Scope and Contents
The collection consists of four letters from Moffat (c 1841, 1873-1875) referring to engagements and to payment for 'Scripture Lessons'; The Lords Prayer in Tswana in Moffat's hand (after 1870); an engraved, autographed portrait of Moffat; and the first verse of a hymn in the Tswana language in Moffat's hand (1841).
Biographical / Historical
Robert Moffat, Scottish missionary in South Africa, was born in 1795 at Ormiston, East Lothian. In 1813 he left home for High Leigh, near Liverpool where he worked as an under-gardener and where he became a Methodist. He was appointed as a missionary to South Africa by the London Missionary Society in 1816 and arrived at Cape Town in 1817. He spent his first year in Namaqualand where he converted the chief, Jager Afrikaner. In 1819 Moffat married Mary Smith who had come out from England to be with him and who was to play a vital role in his work. After some moves, caused by warfare amongst Zulu tribesmen, the Moffats opened a mission station in 1825 in Kuruman, south-east of the Kalahari, where they stayed for forty-nine years. The station became one of the foremost Protestant missionary communities in Africa and attracted many converts to the church. Moffat was known for his efforts to improve living standards in Africa by improving methods of agriculture and irrigation. He travelled widely, paying several visits to the Ndebele with whose chief he had become friendly. His last visit in 1859 resulted in the establishment of an London Missionary Society mission near Bulawayo, Matabeleland. Moffat became fluent in the Tswana (Setswana / Sechwana / Bechuana) language and in 1839 completed his translation of the New Testament. His translations became a standard and were of enormous importance to the growth of Christianity in Southern Africa. He also translatedPilgrim's Progress, compiled a Tswana hymn-book and in 1857 the whole bible was published in Tswana. He spent the years from 1839 to 1843 in England and in 1840 publishedMissionary Labourswhich went through four editions in three years. This and other works such asRivers of Water in a Dry Place(1863) made him the best known missionary in Britain. It was while he was in England that he met David Livingstone and secured him for the Bakwana mission. Livingstone married Moffat's daughter Mary in 1844. Failing health or, as Moffat himself put it, an 'over-taxed brain' compelled him 'to return to the land of his fathers' in 1870 and he settled in London. Moffat's wife died in 1871, but he remained active promoting foreign missions and raising funds for a seminary at Kuruman Station to train Africans for missionary work. Criticised by some as paternalistic and as lacking a deep understanding of African culture, Moffat was, nevertheless, one of the pioneers of the missionary movement in Southern Africa. He was made a D.D. of Edinburgh University in 1872 and died in 1883 in Leigh, Kent, England.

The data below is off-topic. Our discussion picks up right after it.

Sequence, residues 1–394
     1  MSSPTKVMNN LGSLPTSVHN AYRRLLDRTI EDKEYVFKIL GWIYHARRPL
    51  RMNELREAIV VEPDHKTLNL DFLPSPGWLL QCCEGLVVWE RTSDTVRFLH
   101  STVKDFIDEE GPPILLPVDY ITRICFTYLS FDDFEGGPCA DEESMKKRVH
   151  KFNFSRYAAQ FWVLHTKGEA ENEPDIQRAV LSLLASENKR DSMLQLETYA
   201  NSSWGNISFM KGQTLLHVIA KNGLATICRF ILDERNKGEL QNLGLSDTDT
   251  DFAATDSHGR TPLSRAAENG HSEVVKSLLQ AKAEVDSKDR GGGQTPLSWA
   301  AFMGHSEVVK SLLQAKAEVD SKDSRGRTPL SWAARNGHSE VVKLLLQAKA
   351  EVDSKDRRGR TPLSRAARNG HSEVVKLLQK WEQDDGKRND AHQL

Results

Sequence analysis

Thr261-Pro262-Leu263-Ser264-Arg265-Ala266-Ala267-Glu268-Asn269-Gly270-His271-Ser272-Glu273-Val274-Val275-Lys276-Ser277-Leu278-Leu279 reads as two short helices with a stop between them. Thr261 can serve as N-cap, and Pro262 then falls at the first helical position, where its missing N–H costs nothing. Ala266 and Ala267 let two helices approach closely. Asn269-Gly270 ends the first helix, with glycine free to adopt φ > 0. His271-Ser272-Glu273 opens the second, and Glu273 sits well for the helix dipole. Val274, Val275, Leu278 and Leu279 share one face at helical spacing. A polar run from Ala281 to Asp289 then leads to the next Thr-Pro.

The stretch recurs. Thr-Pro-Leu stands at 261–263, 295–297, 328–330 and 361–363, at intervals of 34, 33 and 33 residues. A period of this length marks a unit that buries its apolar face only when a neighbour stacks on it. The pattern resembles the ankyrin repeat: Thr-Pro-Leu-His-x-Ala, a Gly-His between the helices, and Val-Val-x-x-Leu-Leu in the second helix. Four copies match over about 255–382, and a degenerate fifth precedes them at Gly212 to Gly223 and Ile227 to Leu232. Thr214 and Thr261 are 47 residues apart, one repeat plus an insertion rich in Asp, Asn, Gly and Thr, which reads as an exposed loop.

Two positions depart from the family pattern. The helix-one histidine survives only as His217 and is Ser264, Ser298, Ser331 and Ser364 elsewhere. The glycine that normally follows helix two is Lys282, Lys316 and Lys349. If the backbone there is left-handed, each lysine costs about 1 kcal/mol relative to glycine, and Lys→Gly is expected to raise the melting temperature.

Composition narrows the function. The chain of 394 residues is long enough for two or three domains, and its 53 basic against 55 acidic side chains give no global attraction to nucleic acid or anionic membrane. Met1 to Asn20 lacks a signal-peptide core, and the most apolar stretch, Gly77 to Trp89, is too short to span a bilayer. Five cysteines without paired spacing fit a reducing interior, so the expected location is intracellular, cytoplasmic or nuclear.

1 file containing letters and portrait.